Mud Sunk Shoes & Orange Lion Tears
When I was nine, we made a pact. It was a sort-of real-life adventure-code that included three rules.
1. The first rule read: Always be kind to the animals, "especially the foxes," who lived in the forest behind the wood-brick house that had been built between the real road and the A69. My two favourite friends lived here until I was about ten and a half. It had been the best house in all the neighbourhood---probably in all of the Carolina's---because the forest behind it was basically Narnia, and if you went just-a-bit further up and further in, there was a rope swing, a little creek, and a grumpy old Oak that guarded the entrance to Terabithia.
2. Our second rule: Never leave anyone behind (and that excluded baby brothers).
3. And our third rule, the most important, had been written on the back of scrap paper as there hadn't been enough room on the sticky note. It read: No-one must ever speak of the forbidden word. Underneath, in small print, I'd written. Nothing is ever, ever pretend.
There were four of us. Emmie, me, and our sisters. Age wasn't a thing in our woods so we didn't bother about them being younger. Also, we figured that it would be far easier to make-believe if there was more than one person make-believing.
My friends lived up a winding road on a hill that felt, to us, like a mountain. We'd cross the sprawling lawn with ice-lollies and backpacks to the edge of the earth where rusted tin-cans and rock-walls were treasures like cold water on a sunny day.
We kicked brown clouds up to our knees as we slid down the dune, and back up to the other side of our home----five stumps of left-over trees. It was there, sitting in a circle, I was no longer a little girl with short, scraggly hair and scraped elbows. My curiosity was no longer just spunk; it was strength.
I remember one afternoon it rained for hours; board-games were strewn across the room, the kitchen still smelt of chocolate-chip cookies, the TV kept repeating the Mr. Magorium's Wonder Emporium theme, and a dozen Halloween costumes covered the floor through the hallway to the closet and bedroom. We were bored, dangling our knees over the ledge of the couch so that our legs swung back and forth while we waited for the sky to stop pounding the ceiling. It wasn't coming in, and that was that.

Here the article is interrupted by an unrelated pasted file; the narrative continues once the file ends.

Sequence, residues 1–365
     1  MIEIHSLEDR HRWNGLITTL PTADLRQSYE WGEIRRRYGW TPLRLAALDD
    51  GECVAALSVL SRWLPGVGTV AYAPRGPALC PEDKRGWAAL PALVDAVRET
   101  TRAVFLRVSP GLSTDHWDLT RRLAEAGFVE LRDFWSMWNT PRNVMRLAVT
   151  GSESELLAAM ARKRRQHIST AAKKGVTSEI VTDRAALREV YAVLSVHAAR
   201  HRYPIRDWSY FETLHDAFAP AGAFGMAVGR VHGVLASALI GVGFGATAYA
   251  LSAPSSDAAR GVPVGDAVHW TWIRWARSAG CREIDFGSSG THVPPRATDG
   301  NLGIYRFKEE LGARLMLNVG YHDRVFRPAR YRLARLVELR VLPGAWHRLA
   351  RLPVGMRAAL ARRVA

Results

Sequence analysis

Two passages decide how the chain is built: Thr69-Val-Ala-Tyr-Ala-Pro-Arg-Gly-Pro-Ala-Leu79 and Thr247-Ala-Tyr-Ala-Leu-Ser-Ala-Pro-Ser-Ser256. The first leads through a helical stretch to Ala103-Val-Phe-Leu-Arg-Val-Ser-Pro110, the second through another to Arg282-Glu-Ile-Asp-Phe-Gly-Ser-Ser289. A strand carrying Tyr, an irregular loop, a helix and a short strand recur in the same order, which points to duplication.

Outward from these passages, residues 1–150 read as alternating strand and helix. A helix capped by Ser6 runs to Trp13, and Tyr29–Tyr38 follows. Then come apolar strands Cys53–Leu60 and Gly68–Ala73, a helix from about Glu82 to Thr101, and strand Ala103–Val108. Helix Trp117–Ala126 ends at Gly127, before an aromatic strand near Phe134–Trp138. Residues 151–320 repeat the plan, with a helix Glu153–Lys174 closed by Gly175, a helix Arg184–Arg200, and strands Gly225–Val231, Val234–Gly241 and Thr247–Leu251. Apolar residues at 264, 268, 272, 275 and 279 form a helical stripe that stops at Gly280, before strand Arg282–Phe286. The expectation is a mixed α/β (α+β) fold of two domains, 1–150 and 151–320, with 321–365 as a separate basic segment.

There's only so much you can do on a rainy-day if your heart is set on the sun, and to say we were keen for the wind to leave and the warmth to return would be too mild a statement for the four children cooped up in the basement.
When the rain dies away and the night falls, you can only expect puddles and mud in the morning. We didn't mind though----we rolled our sleeping bags to the side and strengthened our adventure-streak with pancakes, syrup, sweet berries, and sunshine.
I had only just been given a new pair of shoes----might've been my favourite pair of shoes I've ever owned. They were a sort of burnt orange tennis with a round toe. The laces were identical in colour, and near the top, there was a lion. It was a sort of emblem. A small signature logo. Like the ones you find on United-Kingdom crests.
I remembered that there were a stack of books in my grandmother's second closet, and, while everyone was outside with the football one afternoon, I'd gone in and found the one labelled 'coat-of-arms.' I was fond of reading, and, after quite a few page turns, sitting cross-crossed underneath sweaters and empty coat-hangers, I'd finally found the photograph I knew I'd seen before. I whispered the text aloud: